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MAROON AND WHITE
Mr. Godfrey relieved Mrs. Magus by
telling her that .Iemmy would be very glad
to relate his story.
The small creature's eyes twinkled ma-
liciously as he glanced up at them.
The poor woman led the way to the
parlor, and when they were all seated com-
fortably, Mr. Jemmy Blum commenced
"Well", he began, "to make a long story
short, I started on this lay just after Mag-
us' death, when a friend of mine in the
fortune-telling line told me that Mrs.
Magus was a spiritualist. This gave me
my clue, so I--ah-got into the house."
"I-low?" demanded Godfrey.
"Go on, then."
"I got inside the house, looked over my
ground and decided on my line of opera-
tion. I wanted something neat and effec-
tive, and I worked on it a good while be-
fore I had it going right. There were so
many little details. It took a lot of prac-
tice-such things do-and then I had to
remodel the inside of the desk-shorten up
the drawers and make room for myself
behind them. Lucky I'm little, and the
desk is one of the biggest I ever saw."
"So you were in the desk?" queried the
i'Sure", he chuckled. "Where else?"
"Then you decided that you would go
through with the plan?"
"Yes", said .Iemmy slyly. "I saw that
Mrs. Magus was scairt to death, and I was
afraid if I didn't demonstrate for her, I
wouldn't get the money."
"How did you know she had it?"
"I knew that she was well off."
"But the odor of tobacco?"
I-Ie got a vial out of his pocket, uncork-
ed it, and again Mrs. Magus caught the
sweet and heavy odor of Peter Magus'
"And here's a fine point I'm proud of,"
had this made from a
said Jemmy. "I
dozen of Magus' cigars I found in a box
in his room. So the smell was just right.
while of showing some
I thought for a
smoke, but didn't dare risk it."
"But the note," Godfrey said. "That
was the cleverest of all."
Paqe One Hundred and Thirty-two
f Jemmy chuckled and glanced at God-
"Ah, you'd like to know, wouldn't
you? You never will. But it all depends
on it. If I put the acid in before the salt,
the writing disappears at the end of two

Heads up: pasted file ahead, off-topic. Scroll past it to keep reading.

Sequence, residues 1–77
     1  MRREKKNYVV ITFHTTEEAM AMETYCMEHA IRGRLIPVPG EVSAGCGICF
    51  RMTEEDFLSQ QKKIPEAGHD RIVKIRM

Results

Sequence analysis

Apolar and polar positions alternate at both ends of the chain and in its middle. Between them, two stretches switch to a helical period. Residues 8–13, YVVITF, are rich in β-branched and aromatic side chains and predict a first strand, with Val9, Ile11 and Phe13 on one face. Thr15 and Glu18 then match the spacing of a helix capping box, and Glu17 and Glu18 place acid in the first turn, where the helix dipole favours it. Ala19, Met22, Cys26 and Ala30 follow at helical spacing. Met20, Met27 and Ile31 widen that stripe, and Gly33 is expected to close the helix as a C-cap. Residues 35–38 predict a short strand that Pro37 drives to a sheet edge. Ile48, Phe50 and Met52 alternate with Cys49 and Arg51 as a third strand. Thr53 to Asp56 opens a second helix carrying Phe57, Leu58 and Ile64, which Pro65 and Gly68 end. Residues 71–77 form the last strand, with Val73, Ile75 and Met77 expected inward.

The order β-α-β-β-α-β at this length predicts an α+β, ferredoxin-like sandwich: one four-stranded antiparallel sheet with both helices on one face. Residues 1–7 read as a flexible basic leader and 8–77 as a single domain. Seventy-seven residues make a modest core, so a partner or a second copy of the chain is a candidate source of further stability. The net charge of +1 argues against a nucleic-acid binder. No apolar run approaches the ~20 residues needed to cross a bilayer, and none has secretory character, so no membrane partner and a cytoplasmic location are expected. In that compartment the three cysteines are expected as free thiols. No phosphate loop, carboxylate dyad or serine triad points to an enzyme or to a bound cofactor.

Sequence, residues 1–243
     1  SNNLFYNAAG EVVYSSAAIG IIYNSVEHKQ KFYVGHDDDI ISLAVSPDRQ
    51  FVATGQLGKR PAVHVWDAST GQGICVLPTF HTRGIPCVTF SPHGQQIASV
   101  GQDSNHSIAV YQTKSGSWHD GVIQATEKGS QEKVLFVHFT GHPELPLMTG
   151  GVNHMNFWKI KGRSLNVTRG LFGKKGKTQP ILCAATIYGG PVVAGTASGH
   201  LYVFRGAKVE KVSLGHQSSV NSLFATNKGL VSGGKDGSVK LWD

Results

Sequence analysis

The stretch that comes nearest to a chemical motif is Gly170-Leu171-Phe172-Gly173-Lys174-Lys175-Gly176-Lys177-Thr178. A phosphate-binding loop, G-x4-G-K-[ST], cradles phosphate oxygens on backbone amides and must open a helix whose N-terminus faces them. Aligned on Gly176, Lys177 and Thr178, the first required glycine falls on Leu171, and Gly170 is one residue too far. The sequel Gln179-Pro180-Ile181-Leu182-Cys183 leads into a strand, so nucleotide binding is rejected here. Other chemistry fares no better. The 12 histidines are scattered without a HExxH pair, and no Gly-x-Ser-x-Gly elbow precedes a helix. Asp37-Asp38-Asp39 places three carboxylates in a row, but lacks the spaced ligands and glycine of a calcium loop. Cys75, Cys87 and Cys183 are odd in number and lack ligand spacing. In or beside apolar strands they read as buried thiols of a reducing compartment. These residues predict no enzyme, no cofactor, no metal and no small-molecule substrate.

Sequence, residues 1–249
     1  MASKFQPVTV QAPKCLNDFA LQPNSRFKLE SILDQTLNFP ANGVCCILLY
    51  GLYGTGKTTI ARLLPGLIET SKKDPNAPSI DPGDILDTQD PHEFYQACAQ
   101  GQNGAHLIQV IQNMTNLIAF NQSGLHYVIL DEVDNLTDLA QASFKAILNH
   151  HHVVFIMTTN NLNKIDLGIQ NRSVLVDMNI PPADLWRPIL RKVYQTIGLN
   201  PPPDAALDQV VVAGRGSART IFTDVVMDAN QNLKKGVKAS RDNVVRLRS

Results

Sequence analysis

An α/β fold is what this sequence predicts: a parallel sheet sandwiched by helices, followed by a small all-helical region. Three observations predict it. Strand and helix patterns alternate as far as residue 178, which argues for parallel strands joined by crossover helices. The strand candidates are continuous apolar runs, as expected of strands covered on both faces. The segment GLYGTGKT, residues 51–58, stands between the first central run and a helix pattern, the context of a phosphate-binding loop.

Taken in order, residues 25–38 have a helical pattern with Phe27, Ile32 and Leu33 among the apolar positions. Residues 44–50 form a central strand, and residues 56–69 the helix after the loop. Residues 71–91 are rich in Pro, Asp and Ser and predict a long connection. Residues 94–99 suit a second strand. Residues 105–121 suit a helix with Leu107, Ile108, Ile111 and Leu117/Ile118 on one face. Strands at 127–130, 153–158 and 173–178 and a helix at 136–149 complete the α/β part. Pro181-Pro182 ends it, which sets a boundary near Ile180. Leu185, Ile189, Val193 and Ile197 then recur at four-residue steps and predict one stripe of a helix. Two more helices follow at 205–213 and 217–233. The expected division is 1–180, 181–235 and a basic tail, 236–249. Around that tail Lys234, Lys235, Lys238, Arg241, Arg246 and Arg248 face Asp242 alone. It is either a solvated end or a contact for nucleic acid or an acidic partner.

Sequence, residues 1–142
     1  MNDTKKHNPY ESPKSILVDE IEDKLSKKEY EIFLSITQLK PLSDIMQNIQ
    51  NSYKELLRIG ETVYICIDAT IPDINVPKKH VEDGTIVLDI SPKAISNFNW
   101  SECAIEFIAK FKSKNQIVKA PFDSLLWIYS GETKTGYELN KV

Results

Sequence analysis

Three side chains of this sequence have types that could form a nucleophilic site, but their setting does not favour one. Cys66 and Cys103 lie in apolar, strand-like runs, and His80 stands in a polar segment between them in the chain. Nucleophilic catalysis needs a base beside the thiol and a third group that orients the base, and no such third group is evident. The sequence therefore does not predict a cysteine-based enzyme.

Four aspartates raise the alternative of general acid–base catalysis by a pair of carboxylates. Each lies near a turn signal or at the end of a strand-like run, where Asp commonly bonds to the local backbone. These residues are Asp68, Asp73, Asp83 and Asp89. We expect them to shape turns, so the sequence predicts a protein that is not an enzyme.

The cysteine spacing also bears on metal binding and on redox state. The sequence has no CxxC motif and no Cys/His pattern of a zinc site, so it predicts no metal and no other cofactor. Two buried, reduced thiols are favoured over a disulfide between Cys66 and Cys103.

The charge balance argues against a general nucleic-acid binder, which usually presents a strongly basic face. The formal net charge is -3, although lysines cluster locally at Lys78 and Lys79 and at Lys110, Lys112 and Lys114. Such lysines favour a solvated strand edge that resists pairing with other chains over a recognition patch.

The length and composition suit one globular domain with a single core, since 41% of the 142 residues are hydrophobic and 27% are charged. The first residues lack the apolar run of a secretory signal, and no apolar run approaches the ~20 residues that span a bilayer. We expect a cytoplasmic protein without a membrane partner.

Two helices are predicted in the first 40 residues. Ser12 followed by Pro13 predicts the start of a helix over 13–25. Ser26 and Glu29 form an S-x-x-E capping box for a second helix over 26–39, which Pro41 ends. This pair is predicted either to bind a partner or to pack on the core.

hours: if I put the salt in before the acid,
the writing doesn't appear for the same
length of time. It took me five years to
work it out."
"But the writing didn't all appear at
once," Mrs. Magus now objected.
"Of course not," said Jemmy impatient-
ly. "It wasn't all written at once, was it?
It appeared just like it was written."
"I-Iow could you time it?"
"Why", answered Jemmy still more
impatiently, "I timed the writing for eight-
"But the chair?"
Jemmy shot a disgusted look at God-
"Any faker on Sixth Avenue can do
that," he said. "A hook on thread. Any-
"Accept my compliments, Jemmy. It
was cleverly done. I'm almost sorry you
didn't get away with it."
"Oh", answered Jemmy. with studied
indifference, "that's all in the day's work,
you know. But thank you all the same.
He was flicking the ashes from the end
of his cigar as he spoke, and Mrs. Magus
noticed he didn't meet Godfrey's eyes.
The latter looked at him an instant:
then, with a low exclamation, sprang to
his feet and snapped open the bag in
which Mrs. Magus had stowed the packets
Jemmy had returned to her. He ripped
one of them open, and disclosed not ten
thousand dollars in currency, but a neat
bundle of blank paper!
Jemmy was looking at him now, and
his face was alight with triumph.
"How did you know I was here?" God-
"I didn't," glrinned Jemmy, "but I
wasn't taking any chances."
"Who was your pal?"
"That's telling," he answered easily.
Godfrev turned to Mrs. Magus and
queried, "Have you any servants?"
"Only one," she answered.